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you cant get to all the screws for the screen anyway without pulling the nose off. you can pull the nose off without removing the side if you are careful. the allen screws are a special size tool should be in your tool kit if you have one. if not i think the are 2.5mm or 3mm, very small. in fact mine weren't allen heads anyway, mine are t7 torx head screws. get a T7 torx screwdriver tool from sears. couldnt find an allen wrench that would work with a torx screw that size without stripping head out. its easier to remove the nose anyway. i had some nasty clouding on the inside of my headlight too. remove the head from the bucket and remove the bulbs, i used a small rag wrapped around a big flathead screwdriver to reach inside to wipe as much as i could. i bleed my front brakes with nose on enough room to work with, just make sure you keep the brake fluid filled up while bleeding or you will get air in the lines and start over
 

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Discussion Starter #8
Came home tonight and ran almost a quart of brake fluid through it, master is shit. It pumps bubbles out of the bleeder on the master constantly.
 

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Discussion Starter #9
I have some more questions.

There is a 996 service manual for sale local to me. How much info in this will be useful to me and my 748?

I just got a Pit-bull rear stand for the bike. I am amazed by the quality of it for one, but I'm just wondering if I have to have any worries while servicing the bike on the stand? Do I need to take any precautions when breaking bolts free doing valve adjustment, timing belts, pulling the rear wheel, ect.
 

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You should be fine with servicing your bike on the stand, I do it all the time. If I am going to be pulling, prying, or torquing something I usually put something heavy on the stand handle like a sandbag, child or lazy buddy. Someone said you have to remove the rear wheel to bleed the rear caliper, No you don't. As stated previously just unbolt from carrier place it higher and bleed until you are happy.
 

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yes you do, first i could get the bolts off due to the wheel blocking them. second, air stays at the top and fluid stays at the bottom, the bleeder cap is on the bottom so the fluid will come out without bleeding the air out. thats why the bleeder cap is on the top of every other bike except ducati for some reason.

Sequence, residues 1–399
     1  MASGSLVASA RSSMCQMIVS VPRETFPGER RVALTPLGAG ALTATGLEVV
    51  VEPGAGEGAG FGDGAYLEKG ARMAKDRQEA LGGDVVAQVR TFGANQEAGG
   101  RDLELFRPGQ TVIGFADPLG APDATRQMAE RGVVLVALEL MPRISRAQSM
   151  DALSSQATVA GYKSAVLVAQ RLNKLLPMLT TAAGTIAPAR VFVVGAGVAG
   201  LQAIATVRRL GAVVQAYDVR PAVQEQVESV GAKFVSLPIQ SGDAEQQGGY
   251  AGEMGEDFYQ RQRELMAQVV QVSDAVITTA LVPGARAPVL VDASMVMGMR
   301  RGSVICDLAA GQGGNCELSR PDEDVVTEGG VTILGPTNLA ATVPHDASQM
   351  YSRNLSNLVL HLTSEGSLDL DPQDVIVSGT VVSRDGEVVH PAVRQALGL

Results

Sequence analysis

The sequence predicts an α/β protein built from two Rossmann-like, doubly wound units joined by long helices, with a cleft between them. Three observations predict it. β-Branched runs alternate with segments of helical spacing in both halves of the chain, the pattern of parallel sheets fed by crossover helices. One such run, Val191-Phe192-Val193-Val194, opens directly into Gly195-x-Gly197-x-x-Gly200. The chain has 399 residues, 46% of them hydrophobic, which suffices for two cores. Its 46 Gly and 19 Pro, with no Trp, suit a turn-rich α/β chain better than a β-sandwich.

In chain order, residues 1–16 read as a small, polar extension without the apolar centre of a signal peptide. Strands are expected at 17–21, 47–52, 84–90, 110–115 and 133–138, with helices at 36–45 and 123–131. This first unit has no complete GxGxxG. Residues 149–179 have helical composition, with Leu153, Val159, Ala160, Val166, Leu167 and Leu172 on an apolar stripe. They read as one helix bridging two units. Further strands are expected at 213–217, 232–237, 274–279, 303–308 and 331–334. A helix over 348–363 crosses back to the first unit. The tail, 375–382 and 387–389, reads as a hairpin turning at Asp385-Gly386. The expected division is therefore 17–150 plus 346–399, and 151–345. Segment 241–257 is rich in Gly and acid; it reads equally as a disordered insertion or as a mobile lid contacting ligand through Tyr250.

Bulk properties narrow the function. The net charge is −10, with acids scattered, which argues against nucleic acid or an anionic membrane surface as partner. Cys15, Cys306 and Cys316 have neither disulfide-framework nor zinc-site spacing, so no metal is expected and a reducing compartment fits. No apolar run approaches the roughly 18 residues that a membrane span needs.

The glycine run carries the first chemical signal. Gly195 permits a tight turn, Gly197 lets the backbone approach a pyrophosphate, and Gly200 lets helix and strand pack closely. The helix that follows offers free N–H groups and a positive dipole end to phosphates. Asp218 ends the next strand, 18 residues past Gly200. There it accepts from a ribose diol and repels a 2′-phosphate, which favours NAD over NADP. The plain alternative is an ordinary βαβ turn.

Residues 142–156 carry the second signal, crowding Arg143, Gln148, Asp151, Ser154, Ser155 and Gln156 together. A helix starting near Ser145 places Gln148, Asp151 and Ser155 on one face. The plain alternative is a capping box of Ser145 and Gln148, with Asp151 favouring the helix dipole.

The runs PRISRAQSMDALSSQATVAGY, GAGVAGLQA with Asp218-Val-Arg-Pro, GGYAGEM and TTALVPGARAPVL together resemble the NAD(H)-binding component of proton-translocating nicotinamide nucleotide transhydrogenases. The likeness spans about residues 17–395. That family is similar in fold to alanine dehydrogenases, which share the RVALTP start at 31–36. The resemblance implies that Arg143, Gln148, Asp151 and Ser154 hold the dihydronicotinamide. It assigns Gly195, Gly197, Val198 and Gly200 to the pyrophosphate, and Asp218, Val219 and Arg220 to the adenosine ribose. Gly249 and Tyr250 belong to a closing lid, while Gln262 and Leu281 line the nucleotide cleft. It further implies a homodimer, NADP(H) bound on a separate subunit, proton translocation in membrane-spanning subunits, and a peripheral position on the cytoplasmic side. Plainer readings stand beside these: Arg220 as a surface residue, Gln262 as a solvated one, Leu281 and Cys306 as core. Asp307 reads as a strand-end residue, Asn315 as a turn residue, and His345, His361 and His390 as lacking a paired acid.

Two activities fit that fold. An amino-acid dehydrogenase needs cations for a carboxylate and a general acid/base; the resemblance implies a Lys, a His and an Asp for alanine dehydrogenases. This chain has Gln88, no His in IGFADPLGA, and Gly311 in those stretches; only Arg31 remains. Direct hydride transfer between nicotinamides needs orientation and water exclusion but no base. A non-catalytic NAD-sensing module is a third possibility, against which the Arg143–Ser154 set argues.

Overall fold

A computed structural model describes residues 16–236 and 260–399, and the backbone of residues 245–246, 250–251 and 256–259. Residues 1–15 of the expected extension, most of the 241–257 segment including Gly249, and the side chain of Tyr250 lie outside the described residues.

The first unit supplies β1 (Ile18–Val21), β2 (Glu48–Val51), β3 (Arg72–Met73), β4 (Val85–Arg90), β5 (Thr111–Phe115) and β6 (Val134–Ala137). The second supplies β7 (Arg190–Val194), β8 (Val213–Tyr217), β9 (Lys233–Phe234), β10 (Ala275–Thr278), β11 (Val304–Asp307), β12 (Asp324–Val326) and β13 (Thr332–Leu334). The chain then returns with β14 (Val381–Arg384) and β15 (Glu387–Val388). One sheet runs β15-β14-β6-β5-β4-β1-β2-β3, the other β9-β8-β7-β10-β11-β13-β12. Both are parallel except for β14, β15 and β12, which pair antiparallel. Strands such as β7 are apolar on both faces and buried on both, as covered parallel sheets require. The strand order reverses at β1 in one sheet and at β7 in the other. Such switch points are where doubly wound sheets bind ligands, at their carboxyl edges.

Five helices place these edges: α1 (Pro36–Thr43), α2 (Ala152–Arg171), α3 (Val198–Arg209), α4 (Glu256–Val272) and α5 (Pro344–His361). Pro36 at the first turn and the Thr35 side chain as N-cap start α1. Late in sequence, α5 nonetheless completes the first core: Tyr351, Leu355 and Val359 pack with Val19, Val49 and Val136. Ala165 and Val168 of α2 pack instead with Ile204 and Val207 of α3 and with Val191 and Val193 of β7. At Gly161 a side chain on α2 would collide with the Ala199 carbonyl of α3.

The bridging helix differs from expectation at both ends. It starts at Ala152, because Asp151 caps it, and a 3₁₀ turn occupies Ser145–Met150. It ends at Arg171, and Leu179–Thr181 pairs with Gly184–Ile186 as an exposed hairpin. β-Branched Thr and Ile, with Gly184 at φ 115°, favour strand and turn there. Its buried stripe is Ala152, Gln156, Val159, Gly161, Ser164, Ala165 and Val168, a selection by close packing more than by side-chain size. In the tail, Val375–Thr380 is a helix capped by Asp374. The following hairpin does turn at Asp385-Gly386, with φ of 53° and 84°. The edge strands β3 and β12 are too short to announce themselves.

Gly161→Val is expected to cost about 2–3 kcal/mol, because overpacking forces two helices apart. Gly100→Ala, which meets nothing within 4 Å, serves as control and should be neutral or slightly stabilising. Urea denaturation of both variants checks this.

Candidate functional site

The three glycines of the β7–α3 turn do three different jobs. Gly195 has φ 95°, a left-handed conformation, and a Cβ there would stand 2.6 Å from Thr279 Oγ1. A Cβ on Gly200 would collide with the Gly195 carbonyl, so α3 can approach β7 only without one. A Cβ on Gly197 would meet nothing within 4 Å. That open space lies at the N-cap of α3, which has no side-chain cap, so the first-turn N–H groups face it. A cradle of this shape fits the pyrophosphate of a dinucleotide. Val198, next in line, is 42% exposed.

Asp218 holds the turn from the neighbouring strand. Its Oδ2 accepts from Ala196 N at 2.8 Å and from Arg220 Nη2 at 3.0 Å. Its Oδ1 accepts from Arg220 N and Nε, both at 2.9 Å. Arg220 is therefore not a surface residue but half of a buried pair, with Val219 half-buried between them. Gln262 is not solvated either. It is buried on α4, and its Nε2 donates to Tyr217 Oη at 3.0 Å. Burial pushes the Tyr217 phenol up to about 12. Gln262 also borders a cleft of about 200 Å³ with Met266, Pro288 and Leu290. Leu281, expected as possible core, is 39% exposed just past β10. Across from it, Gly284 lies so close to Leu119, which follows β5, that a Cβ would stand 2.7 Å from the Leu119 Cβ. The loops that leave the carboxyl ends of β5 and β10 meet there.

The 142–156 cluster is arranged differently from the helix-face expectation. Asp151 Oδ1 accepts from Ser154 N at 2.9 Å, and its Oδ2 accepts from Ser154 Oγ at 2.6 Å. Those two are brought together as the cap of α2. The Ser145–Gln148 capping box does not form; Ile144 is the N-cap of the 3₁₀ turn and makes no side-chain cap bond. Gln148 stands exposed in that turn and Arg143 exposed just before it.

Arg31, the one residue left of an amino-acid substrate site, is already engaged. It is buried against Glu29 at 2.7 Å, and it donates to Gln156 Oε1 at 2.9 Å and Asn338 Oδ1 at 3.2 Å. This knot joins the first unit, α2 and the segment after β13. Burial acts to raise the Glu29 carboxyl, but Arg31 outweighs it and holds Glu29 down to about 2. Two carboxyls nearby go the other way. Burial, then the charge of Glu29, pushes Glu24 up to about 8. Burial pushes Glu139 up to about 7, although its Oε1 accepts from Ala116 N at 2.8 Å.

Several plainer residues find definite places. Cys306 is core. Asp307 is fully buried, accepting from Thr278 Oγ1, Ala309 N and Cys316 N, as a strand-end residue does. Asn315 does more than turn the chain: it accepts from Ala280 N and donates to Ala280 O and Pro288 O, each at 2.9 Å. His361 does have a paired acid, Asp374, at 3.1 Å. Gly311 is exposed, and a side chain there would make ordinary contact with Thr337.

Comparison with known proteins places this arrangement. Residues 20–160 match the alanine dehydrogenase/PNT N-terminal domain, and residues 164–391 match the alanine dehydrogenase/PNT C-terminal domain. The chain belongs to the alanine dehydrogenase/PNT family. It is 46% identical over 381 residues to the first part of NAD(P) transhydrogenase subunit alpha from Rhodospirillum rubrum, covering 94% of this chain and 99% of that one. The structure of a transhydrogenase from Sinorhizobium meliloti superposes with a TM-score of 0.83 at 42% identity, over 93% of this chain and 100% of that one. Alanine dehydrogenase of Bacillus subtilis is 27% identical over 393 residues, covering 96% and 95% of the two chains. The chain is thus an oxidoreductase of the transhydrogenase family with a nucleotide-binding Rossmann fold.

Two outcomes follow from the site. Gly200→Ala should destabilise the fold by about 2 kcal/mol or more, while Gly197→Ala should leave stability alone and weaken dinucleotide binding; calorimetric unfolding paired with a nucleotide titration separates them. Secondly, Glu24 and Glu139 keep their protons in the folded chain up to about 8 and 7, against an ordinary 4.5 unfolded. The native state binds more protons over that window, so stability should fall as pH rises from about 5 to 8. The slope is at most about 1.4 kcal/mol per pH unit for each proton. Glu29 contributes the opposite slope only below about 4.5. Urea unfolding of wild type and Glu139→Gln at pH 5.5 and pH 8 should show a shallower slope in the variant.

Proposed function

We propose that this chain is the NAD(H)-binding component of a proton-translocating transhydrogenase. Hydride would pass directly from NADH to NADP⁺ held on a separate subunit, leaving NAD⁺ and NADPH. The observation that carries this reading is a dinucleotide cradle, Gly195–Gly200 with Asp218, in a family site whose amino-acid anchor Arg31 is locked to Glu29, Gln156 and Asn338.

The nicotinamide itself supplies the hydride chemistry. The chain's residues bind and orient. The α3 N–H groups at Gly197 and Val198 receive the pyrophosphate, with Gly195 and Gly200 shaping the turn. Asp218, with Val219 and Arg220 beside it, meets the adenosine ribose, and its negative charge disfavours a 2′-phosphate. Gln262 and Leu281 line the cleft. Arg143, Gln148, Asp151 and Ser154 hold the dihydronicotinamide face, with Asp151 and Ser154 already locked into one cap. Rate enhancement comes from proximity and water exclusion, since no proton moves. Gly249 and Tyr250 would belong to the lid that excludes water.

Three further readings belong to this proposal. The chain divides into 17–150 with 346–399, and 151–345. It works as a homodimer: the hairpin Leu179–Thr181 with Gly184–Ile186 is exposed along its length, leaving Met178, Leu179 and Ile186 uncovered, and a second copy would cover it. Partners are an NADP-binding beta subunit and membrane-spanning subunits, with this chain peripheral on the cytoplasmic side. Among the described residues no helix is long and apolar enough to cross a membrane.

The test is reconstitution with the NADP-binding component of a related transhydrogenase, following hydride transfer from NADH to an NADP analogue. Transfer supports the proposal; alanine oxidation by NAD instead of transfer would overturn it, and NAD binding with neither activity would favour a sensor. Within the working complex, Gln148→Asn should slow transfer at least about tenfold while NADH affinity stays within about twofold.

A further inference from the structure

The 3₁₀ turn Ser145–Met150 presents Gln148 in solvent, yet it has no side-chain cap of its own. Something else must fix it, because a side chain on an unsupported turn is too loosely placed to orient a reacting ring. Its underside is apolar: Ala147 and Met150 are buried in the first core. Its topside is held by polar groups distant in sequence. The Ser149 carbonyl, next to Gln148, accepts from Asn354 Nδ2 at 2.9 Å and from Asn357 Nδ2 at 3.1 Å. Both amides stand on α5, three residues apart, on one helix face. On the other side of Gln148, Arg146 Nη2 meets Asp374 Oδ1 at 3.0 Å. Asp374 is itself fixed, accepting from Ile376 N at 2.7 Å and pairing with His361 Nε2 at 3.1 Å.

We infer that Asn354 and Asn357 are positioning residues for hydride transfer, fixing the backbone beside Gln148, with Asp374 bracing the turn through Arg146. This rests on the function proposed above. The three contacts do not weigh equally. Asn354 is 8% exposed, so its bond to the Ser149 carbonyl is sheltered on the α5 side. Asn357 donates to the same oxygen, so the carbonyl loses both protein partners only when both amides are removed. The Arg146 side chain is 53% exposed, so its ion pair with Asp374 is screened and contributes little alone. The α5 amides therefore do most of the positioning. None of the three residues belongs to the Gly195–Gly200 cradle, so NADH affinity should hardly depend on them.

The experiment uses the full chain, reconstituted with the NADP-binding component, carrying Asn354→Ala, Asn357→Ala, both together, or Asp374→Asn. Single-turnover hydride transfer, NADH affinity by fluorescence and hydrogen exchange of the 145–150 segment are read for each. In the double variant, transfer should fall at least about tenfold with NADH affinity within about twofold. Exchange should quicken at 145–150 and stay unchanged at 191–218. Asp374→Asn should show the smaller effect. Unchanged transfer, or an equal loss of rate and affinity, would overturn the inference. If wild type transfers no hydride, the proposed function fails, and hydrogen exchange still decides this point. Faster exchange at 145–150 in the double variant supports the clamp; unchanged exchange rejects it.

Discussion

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Discussion Starter #13
BACK IN BUSINESS! Master came today, got that on and bled out. Got the rear brake bled out and I think it's working. Did not have to remove the rear wheel. Snap-on 1/4 inch drive 12MM socket is thin enough to get by the swing-arm and get on the bolt. Rotated the caliper up onto the top of the rotor, zip tied it in place. Sucked all the old fluid up and out through the caliper bleeder with a syringe. Brake pedal feels ok by hand, and the caliper clamps the rotor. Bled the clutch out the same way with the syringe. New used upper and lower right side plastics to replace the rashed up ones that came on the bike. Bike looks like a million bucks! Now its time for a test ride and find some wings!
 

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Discussion Starter #14
Are the rear brakes on these bikes terrible, or is mine not right? It works, but barely. I can't lock the rear tire.
 

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my rear brake works fine on my 748. maybe you have some lingering air in the caliper, took a long while to bleed mine. you may also have some gunk in your calipers too. rebuilt mine last weekend and all kinds of junk in the caliper that you cant bleed out. brake fluid should be changed out once a year, brake fluid gets contaminated by water in the air. you cant stop it but you can prevent problems by changing you fluid every year, which means bleeding your brakes thoroughly.
 

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Discussion Starter #17
There's no air in there. The pedal is firm, and the action is instant. The fluid that came out was nasty. I'll try bleeding it a few more times to flush things. Maybe the piston is sticky and all gacked up.

The wheels were powder coated black by a previous owner. I'm adding a couple of stickers. The bike needed some color.
 

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you could have a stuck piston on the rear. had that problem, had to disassemble the calipers to clean the seals and the junk that collects in calipers